I still remember telling him to "stop doing those circles". http://forums.ubi.com/images/smilies/16x16_smiley-very-happy.gif
I am amazed that I can remember something that far back, but it had such an impact on me that I would never forget it.
Throughout the years we would go up often and there is nothing like getting up there and feeling more free and alive than anything that can be done on the ground.

Lemky
08-22-2009, 10:44 PM
Yup http://forums.ubi.com/images/smilies/16x16_smiley-very-happy.gif

Maj.Kaos
08-24-2009, 10:20 AM
I was a young, amateur bush pilot in Idaho and Washington back in the days, and been accustomed to drama, i.e. scary airstrips, poor weather, in-flight failures over remote, rugged terrain, near collisions in air and ground, getting lost and disoriented, crappy aircraft, etc. One day I was invited for a joy ride in an old, modified Piper Cub flown by an 85 year old neighbor who was an army flight instructor during WW2, and a crop duster pilot before and after that interruption. I was not intimidated by the cataracts in his eyes, and I knew he didn't have a medical certificate, but I had seen him flying about before and knew he was still capable. Besides, it is a dual control aircraft.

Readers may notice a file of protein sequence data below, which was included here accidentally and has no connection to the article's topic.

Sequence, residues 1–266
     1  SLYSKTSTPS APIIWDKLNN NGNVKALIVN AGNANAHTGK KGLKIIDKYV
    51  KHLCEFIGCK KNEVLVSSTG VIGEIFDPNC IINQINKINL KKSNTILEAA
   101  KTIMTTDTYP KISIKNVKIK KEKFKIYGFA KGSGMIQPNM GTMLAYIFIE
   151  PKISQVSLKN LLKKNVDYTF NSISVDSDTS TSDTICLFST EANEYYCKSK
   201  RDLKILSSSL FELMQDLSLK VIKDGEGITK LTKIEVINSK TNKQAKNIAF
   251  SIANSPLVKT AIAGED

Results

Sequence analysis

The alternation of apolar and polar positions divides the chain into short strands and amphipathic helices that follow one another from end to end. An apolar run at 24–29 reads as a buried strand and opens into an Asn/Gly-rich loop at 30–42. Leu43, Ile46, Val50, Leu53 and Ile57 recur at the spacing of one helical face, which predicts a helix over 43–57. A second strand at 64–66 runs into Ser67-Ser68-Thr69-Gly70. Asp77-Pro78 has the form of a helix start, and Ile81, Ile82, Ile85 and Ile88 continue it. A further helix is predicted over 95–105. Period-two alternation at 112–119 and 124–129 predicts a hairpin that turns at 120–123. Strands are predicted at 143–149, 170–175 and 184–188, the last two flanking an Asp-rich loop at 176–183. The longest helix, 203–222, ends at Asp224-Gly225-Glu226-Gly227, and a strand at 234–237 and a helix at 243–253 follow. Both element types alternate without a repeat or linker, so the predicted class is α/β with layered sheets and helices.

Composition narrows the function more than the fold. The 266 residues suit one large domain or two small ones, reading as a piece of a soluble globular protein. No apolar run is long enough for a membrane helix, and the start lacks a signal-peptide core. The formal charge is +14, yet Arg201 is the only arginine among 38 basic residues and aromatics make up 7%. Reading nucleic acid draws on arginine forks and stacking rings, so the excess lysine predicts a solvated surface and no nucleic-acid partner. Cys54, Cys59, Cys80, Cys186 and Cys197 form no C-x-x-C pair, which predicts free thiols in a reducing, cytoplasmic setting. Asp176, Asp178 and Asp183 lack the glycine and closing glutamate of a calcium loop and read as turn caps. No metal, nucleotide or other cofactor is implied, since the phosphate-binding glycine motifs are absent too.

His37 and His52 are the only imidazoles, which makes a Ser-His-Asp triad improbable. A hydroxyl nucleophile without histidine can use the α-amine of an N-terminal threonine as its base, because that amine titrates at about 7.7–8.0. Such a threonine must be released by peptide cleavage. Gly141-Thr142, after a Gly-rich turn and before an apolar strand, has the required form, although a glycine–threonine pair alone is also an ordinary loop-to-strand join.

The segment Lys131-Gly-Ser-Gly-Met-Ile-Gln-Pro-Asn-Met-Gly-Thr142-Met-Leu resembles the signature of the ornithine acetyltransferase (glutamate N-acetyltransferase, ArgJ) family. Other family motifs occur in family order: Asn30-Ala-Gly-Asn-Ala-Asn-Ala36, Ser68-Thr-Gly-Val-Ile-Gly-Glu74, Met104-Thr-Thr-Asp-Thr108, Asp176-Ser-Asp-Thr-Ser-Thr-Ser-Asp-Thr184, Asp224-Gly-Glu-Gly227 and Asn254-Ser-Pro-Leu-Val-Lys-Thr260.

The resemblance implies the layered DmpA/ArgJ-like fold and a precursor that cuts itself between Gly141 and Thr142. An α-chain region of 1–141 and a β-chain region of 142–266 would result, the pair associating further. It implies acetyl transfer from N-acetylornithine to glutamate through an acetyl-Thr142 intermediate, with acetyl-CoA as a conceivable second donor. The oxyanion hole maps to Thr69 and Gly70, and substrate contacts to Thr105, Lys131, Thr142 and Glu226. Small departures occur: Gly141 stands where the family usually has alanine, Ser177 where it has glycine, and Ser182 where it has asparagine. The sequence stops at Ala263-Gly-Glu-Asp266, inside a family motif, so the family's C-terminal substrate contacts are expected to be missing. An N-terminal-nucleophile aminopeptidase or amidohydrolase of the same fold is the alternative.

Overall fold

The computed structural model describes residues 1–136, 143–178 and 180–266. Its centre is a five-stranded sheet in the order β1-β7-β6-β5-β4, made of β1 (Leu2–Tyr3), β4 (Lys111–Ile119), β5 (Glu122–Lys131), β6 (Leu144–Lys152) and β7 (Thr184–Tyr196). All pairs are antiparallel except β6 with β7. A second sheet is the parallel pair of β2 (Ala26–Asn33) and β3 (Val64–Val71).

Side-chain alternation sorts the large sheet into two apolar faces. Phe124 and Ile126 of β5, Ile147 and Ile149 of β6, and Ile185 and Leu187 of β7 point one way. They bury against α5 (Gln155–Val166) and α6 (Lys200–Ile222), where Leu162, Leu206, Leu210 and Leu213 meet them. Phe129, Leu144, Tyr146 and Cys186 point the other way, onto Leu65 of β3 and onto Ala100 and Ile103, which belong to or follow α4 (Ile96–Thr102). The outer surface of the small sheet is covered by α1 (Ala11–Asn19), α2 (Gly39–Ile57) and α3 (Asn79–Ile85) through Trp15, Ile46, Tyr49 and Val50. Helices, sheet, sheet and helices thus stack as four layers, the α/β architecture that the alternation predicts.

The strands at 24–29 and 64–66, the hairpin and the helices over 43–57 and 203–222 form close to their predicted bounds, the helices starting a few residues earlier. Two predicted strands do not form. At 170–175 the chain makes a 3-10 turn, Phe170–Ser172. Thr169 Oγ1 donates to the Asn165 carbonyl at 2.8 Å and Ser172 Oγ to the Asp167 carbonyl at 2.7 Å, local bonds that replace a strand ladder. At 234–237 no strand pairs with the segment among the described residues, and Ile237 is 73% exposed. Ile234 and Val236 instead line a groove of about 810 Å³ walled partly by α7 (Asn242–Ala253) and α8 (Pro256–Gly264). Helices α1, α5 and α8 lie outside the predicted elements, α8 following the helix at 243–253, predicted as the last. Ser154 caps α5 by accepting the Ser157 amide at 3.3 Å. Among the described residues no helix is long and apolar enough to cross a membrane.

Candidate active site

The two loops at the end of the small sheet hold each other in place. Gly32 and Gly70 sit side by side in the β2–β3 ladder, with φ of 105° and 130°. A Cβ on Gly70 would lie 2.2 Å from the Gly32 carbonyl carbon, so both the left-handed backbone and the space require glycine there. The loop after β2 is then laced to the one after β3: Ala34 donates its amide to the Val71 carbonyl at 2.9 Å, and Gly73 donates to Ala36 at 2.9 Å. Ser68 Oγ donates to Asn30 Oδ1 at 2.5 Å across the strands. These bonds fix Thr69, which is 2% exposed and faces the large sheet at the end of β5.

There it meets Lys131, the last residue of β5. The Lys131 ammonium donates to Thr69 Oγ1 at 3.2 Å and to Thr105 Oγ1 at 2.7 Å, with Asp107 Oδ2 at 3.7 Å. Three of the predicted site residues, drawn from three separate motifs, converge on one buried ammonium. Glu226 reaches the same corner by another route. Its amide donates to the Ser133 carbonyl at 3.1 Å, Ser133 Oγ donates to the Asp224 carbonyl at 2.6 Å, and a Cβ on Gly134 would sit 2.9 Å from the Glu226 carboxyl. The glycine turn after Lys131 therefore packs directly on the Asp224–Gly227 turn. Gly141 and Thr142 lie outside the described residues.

Weather was windy with strong gusts, but visibility good. The over-bored engine pulled us off the ground in seconds and we headed off over eastern Washington flat lands, noting the crops harvested, the rivers dropping to their autumn levels, etc. Presently he turned toward a butte and told me he wanted to land for a pee break, remarking that he had a strip there that he hadn't been to in a while. As we approached, I saw what he called a 'strip'... not much more than a lenght of ground less rough than that near it. It was also on the side of the butte, at about a 30 degree angle. We would land uphill, of course. The Cub clawed its way into the wind, the crab angle increasing the nearer we got to the ground, until we were swinging between 35 to 45 degree angle to path of flight during the gusts. I wondered if he was seriously going to try to land it, 30 some degrees up and 40 some degrees off path. My mind quickly composed a newspaper headline "Fool critically hurt while flying with blind man." and just before the wheels (balloon tires) were about to touch the dirt, he eased back on the stick and turned to smile at me. "You weren't scared?" he asked me. "I was too astounded to be scared.", I grinned in return.